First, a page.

About 15 per cent of men pay for sex, according to statistics compiled by Melissa Farley at the Prostitution Research and Education website.
The majority of these men are 24 to 27 years old, fathers and college-educated men.
Statistics like this are one reason why the Christian & Missionary Alliance denomination established a justice initiative known as Defend Dignity to address the issue of prostitution and lobby for its abolition in Canada.
“We call ourselves an abolitionist organization,” Rev. Tyrone McKenzie, pastor of Lawson Heights Alliance Church, says. “Our aim is to get a groundswell of support for the issue by making connections with churches, women’s and faith-based groups, and non-governmental organizations.”
Defend Dignity came out of the work Regina-born Glendyne Gerrard was doing in C&MA women’s ministry and her personal experiences connecting with poor and oppressed women. Gerrard is now Defend Dignity’s director.
“She kept coming in contact with women affected by prostitution,” McKenzie says, “and as that contact grew, Defend Dignity became an organization of its own.”
Defend Dignity focuses on advocacy at the local and national level. The group works to connect locally with informational forums in churches across the country, and federally with members of Parliament. The organization has strong ties with the Evangelical Fellowship of Canada, which does most of the work at the federal level.
EFC’s political analyst Julia Beazley will be in Saskatoon to speak at a Defend Dignity forum being held on Sunday at Circle Drive Alliance Church, beginning at 6 p.m.
Amanda Stephenson, one of the event organizers, says the forum is travelling to a dozen cities across Canada. In Saskatchewan, Defend Dignity will hold events in Regina, Prince Albert and Saskatoon.
A group of experts will speak on the topic of prostitution in Canada. One of the speakers is Beatrice Littlechief, a former prostitute who is now an emergency services manager at Soul’s Harbour, a rescue mission in Regina. Other speakers include a police officer from Calgary, a political analyst, a representative from the Missing and Murdered Aboriginal Women organization, and Jordon Cooper from The Lighthouse in Saskatoon.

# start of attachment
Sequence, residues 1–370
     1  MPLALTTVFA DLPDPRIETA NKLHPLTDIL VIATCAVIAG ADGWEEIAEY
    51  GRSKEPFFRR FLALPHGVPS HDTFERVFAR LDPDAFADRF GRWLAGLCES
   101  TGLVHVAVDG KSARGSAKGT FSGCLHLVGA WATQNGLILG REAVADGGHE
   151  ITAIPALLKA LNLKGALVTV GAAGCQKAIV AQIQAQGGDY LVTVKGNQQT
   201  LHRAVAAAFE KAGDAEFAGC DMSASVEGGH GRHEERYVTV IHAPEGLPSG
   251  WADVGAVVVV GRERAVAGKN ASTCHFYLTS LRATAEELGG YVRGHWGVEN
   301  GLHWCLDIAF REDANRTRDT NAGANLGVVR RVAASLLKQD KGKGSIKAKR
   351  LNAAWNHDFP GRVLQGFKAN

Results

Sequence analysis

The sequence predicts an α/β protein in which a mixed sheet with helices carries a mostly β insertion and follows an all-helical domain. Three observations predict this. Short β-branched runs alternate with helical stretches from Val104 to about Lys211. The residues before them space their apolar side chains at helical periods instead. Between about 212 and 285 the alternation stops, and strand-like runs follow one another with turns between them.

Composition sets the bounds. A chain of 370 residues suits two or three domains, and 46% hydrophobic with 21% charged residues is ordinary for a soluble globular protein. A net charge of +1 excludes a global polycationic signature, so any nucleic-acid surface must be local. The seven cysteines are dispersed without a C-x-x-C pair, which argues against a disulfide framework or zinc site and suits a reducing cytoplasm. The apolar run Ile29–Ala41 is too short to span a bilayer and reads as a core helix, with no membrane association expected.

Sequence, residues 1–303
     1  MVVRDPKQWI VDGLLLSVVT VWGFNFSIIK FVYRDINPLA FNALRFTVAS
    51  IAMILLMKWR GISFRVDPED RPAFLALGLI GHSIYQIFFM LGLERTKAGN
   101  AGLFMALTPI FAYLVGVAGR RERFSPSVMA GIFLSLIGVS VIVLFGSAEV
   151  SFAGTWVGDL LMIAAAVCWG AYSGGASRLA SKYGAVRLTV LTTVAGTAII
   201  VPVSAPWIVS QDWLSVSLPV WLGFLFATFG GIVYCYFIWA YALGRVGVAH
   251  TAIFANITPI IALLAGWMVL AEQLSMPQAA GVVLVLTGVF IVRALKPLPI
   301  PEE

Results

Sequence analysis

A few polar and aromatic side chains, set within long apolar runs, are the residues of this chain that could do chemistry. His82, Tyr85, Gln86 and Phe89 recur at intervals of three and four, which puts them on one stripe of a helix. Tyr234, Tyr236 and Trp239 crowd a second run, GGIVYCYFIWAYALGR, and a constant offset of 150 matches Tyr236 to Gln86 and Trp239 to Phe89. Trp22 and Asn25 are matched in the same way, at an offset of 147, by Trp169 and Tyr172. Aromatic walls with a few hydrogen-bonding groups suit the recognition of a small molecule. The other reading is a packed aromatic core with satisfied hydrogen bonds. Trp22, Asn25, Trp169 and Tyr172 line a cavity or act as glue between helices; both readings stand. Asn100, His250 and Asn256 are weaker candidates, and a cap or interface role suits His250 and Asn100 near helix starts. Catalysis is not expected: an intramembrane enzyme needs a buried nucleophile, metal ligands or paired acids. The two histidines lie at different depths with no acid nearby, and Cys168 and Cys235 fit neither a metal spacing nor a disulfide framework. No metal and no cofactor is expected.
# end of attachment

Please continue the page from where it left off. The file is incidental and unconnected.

A number of civic, provincial and federal politicians will also be in attendance to hear what the general public has to say on the issue.
“The purpose of the event is to get information out there,” Stephenson says. “People attending can participate by texting their questions throughout the event and having them answered by the panel.”
Stephenson says there will be a networking component to the evening, as “10 different local organizations, including The Lighthouse, The Bridge, Salvation Army and John School (which rehabilitates johns) will be on site with information booths.”
McKenzie says the biggest reason he is involved in Defend Dignity is because it is evident in scripture that Jesus cared for women who were affected by prostitution and sexual exploitation.
“As a follower of Christ, I, too, need to have compassion and advocate for victims of violence and prostitution,” he says. “The second reason is that there is a real need for men in our congregations to come to grips with the issue of pornography, which drives the whole prostitution industry. I find the statistics on pornography to be shocking.
“If I could do one day over again, it would be the day nude pictures flashed around playground in Grade 5. For many men, that was their first exposure to pornography, and in one way or another, they were affected. I believe no matter where we’ve encountered pornography, we can address the topic and take steps toward personal healing and wholeness. In our congregation, we’re trying to provide a solution for our men by getting them involved in the Harbour of Hope at The Lighthouse doing handyman renovations.”
One member of Parliament told the group if 50 MPs received 60 letters a month on a particular issue, and seven to 10 personal visits, that could be enough impetus for the government to put the issue at the top of its agenda. The event will provide an opportunity to write letters on the subject of prostitution to MPs, the prime minister and the minister of justice.
Stephenson says Sunday’s forum is free and open to everyone.
“We’re encouraging youth and young adults to make it a priority,” she says. “I grew up in Saskatoon and lived a very sheltered life. I didn’t know the realities of trafficking and prostitution until a couple of years ago.
“So many people, especially in the church, don’t want to admit it exists. But it does. This event is purely educational, to let people know what’s happening in our city.”
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